Obama May Use Questionable Executive Power, Stop Questionable Executive Power
Last month, while still under Democratic control, Congress included the detainee transfer restrictions — which would make it harder for the administration to achieve its goal of closing the prison at the military base in Guantánamo Bay, Cuba — in a major defense bill it sent to Mr. Obama. He could act on the measure by the end of the week.
One provision bars the military from using its funds to transfer detainees to the United States, making it harder to prosecute them in federal court. Another prohibits the transfer of detainees to any other country unless the defense secretary, Robert M. Gates, certifies that the country has met a strict set of security conditions.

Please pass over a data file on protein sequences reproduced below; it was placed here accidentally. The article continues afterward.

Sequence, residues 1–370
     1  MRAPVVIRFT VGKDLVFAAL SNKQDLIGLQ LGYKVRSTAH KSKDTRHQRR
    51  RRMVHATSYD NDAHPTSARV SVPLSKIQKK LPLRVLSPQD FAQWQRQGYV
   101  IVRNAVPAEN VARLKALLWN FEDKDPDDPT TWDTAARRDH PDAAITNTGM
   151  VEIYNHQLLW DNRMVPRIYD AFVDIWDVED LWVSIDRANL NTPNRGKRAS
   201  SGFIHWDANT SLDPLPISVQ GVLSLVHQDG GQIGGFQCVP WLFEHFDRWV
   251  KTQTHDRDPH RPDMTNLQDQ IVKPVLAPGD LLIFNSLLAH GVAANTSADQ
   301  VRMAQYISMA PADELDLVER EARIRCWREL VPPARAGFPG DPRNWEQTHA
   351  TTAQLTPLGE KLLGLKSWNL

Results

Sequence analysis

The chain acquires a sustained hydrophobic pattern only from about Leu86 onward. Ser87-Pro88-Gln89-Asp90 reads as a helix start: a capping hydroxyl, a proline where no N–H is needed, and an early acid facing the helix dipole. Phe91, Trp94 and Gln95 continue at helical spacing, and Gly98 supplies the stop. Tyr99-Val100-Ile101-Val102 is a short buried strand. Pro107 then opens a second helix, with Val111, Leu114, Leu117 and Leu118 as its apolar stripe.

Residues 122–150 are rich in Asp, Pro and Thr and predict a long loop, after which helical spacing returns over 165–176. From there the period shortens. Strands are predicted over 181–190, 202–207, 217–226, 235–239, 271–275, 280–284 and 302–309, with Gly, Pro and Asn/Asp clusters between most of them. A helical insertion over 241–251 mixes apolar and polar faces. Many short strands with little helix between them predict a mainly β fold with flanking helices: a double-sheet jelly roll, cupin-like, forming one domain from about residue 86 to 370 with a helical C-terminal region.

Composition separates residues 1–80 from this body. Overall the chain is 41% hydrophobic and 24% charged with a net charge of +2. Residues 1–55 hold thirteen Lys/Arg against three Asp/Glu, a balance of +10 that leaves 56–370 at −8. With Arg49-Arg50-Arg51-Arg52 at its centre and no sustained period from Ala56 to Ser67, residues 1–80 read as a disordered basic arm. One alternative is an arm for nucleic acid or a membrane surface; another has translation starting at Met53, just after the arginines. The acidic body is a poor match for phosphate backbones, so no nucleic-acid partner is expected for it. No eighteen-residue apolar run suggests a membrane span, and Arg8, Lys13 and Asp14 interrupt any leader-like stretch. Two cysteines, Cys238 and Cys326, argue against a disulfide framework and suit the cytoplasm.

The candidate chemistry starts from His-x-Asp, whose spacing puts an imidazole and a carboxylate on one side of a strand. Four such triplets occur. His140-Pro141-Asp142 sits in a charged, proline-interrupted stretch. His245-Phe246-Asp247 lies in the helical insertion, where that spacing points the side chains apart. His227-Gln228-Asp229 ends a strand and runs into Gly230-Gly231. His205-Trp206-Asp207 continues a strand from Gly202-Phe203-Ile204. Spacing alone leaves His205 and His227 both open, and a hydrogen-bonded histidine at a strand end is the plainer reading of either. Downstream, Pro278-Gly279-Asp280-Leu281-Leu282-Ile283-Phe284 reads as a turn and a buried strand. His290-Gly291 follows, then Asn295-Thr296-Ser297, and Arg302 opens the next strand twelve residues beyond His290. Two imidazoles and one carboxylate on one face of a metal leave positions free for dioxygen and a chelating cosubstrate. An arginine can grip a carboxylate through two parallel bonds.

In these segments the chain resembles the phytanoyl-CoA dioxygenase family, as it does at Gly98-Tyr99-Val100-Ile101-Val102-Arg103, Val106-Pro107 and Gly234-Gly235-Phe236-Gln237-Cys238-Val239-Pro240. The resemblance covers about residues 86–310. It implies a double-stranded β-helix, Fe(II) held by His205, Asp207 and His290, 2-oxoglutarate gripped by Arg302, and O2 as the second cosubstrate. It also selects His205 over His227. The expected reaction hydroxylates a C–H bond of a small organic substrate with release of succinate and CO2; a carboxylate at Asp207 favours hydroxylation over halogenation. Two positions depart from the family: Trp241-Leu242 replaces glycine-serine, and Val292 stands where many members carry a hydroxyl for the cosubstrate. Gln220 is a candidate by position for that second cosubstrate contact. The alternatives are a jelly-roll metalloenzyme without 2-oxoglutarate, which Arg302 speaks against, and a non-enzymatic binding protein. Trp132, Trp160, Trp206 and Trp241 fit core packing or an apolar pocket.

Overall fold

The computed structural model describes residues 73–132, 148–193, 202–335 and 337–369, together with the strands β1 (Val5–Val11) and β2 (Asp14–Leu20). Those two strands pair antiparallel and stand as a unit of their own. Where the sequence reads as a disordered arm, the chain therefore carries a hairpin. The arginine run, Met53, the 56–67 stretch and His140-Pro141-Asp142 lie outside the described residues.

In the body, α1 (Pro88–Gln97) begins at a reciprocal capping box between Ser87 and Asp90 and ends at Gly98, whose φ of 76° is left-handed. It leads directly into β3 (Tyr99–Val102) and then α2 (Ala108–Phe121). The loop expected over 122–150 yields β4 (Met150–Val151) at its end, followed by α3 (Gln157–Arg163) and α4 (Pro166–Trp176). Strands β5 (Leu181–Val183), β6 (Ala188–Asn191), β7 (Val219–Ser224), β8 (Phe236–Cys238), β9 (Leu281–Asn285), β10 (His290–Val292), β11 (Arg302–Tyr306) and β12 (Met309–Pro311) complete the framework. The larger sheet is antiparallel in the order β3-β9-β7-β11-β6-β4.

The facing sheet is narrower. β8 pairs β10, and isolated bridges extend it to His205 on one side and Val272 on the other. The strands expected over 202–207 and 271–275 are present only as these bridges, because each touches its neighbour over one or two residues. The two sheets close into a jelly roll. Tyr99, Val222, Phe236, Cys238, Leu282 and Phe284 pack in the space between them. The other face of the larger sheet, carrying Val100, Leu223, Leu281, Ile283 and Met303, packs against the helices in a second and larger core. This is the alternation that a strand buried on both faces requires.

Good work! Let's lose the rule of law. We should be able to go to other people's countries, round up any brown man or child who looks suspicious, and bring them over to this hemisphere
in slave ships to live in shackles.
But what about a signing statement?
If Mr. Obama were to issue such a statement, it could represent a more aggressive use of unilateral executive powers than what he exerted in his first two years in office.
Is a one-time abuse of power acceptable, to bring an end to worse abuses of power? No. Because that could spell the end of abusing power, and abusing power is fun. [NYT]